VISITORS AND THE IMPACT OF INDUSTRY
Most travellers carry with them a mental frame of reference designed to integrate new experiences within comfortable systems of belief.
But there was nothing comfortable about the West Midlands as it stood on the cusp of the Industrial Revolution. The notion of the ‘picturesque’ provided no explanation of the awesome power of the steam engine or of labour division in the workplace. A visit to Birmingham and the Black Country came as a shock to domestic and foreign travellers alike.
To the traveller of the 1770s and 1780s Birmingham represented a new type of town. Its novelty and power of attraction lay chiefly in its workshops where metallic consumer goods known as ‘toys’ (buttons, buckles, watch chains, snuff boxes, etc) were manufactured en massefor distribution to retail merchants throughout Europe.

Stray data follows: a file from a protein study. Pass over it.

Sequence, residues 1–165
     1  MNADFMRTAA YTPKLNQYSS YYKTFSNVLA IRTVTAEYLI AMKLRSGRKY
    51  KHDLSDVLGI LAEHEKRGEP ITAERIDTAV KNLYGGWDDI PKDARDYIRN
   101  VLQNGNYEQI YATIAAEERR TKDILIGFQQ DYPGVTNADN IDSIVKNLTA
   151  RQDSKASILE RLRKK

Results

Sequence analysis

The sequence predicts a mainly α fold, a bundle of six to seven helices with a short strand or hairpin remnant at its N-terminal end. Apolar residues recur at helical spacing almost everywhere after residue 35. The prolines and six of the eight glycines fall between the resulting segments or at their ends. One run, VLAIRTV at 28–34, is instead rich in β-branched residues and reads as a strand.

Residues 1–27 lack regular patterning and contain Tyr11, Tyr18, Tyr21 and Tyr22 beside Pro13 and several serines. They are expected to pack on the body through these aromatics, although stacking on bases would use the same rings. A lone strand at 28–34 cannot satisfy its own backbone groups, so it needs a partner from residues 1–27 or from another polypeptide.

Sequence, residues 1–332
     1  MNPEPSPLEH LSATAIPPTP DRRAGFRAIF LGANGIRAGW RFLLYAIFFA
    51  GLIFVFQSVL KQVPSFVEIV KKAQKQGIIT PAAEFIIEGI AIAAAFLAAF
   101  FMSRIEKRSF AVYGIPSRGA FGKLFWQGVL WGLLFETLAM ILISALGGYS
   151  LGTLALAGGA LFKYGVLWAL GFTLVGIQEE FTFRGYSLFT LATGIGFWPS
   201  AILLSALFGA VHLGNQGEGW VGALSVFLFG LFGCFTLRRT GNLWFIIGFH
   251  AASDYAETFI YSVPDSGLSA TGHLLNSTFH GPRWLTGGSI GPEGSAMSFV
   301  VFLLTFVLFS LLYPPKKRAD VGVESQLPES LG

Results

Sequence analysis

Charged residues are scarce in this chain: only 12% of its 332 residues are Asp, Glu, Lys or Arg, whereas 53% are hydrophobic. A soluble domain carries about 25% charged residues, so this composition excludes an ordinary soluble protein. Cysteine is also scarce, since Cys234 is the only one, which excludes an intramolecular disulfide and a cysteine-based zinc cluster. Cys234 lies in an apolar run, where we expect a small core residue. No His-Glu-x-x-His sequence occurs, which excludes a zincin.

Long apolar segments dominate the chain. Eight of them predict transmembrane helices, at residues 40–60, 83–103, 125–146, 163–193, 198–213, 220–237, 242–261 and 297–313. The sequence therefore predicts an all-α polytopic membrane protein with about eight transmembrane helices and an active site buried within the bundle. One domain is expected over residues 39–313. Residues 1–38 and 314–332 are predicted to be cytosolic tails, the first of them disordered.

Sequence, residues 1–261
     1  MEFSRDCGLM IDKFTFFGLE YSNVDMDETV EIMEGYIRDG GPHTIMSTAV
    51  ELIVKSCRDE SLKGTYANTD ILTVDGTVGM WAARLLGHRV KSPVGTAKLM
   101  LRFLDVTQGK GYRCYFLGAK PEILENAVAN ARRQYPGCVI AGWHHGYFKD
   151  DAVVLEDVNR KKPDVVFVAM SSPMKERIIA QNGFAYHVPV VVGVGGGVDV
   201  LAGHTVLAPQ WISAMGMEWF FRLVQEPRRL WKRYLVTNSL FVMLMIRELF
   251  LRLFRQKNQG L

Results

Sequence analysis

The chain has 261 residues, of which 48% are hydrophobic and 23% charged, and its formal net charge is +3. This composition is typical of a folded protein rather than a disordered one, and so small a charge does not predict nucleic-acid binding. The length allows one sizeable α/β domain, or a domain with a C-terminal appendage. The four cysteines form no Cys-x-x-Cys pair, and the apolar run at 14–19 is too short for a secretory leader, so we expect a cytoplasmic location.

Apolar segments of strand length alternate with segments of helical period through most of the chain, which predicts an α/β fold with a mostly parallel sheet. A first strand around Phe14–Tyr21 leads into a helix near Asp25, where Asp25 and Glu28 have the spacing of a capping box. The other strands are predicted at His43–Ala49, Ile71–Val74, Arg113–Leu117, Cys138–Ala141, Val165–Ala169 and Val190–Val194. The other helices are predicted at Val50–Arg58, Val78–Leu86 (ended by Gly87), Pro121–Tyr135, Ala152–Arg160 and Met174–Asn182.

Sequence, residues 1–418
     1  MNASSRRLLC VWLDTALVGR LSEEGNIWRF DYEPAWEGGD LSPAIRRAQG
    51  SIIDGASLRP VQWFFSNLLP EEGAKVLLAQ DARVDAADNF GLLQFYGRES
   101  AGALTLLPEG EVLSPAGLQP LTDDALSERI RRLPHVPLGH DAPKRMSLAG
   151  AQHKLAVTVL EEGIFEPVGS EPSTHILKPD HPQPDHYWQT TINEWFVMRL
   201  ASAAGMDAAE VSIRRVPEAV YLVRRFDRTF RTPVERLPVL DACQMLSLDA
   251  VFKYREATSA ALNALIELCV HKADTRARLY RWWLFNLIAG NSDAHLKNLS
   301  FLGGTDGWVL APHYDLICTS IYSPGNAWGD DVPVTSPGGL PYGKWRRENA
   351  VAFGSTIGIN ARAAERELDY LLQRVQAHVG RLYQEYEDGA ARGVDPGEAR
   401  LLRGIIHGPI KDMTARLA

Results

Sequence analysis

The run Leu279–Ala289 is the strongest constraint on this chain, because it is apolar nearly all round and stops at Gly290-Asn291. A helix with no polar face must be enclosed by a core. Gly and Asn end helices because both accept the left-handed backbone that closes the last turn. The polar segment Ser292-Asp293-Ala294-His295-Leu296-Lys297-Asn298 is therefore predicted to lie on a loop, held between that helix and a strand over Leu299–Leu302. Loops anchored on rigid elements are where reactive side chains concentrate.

In coming to Birmingham the visitor was promised a glimpse of the future: of a world transformed by labour-saving mechanised industry. A detour into Birmingham’s westerly hinterland (the rapidly urbanising Black Country) with its mines and foundries and groaning steam engines merely heightened the impact of the vision. In this ‘land of the vulcans’ connected to Birmingham by canals, turnpikes and a near-continuous ribbon of industrial cottages, it was plain that the Industrial Revolution had arrived.Download the Full Article (PDF)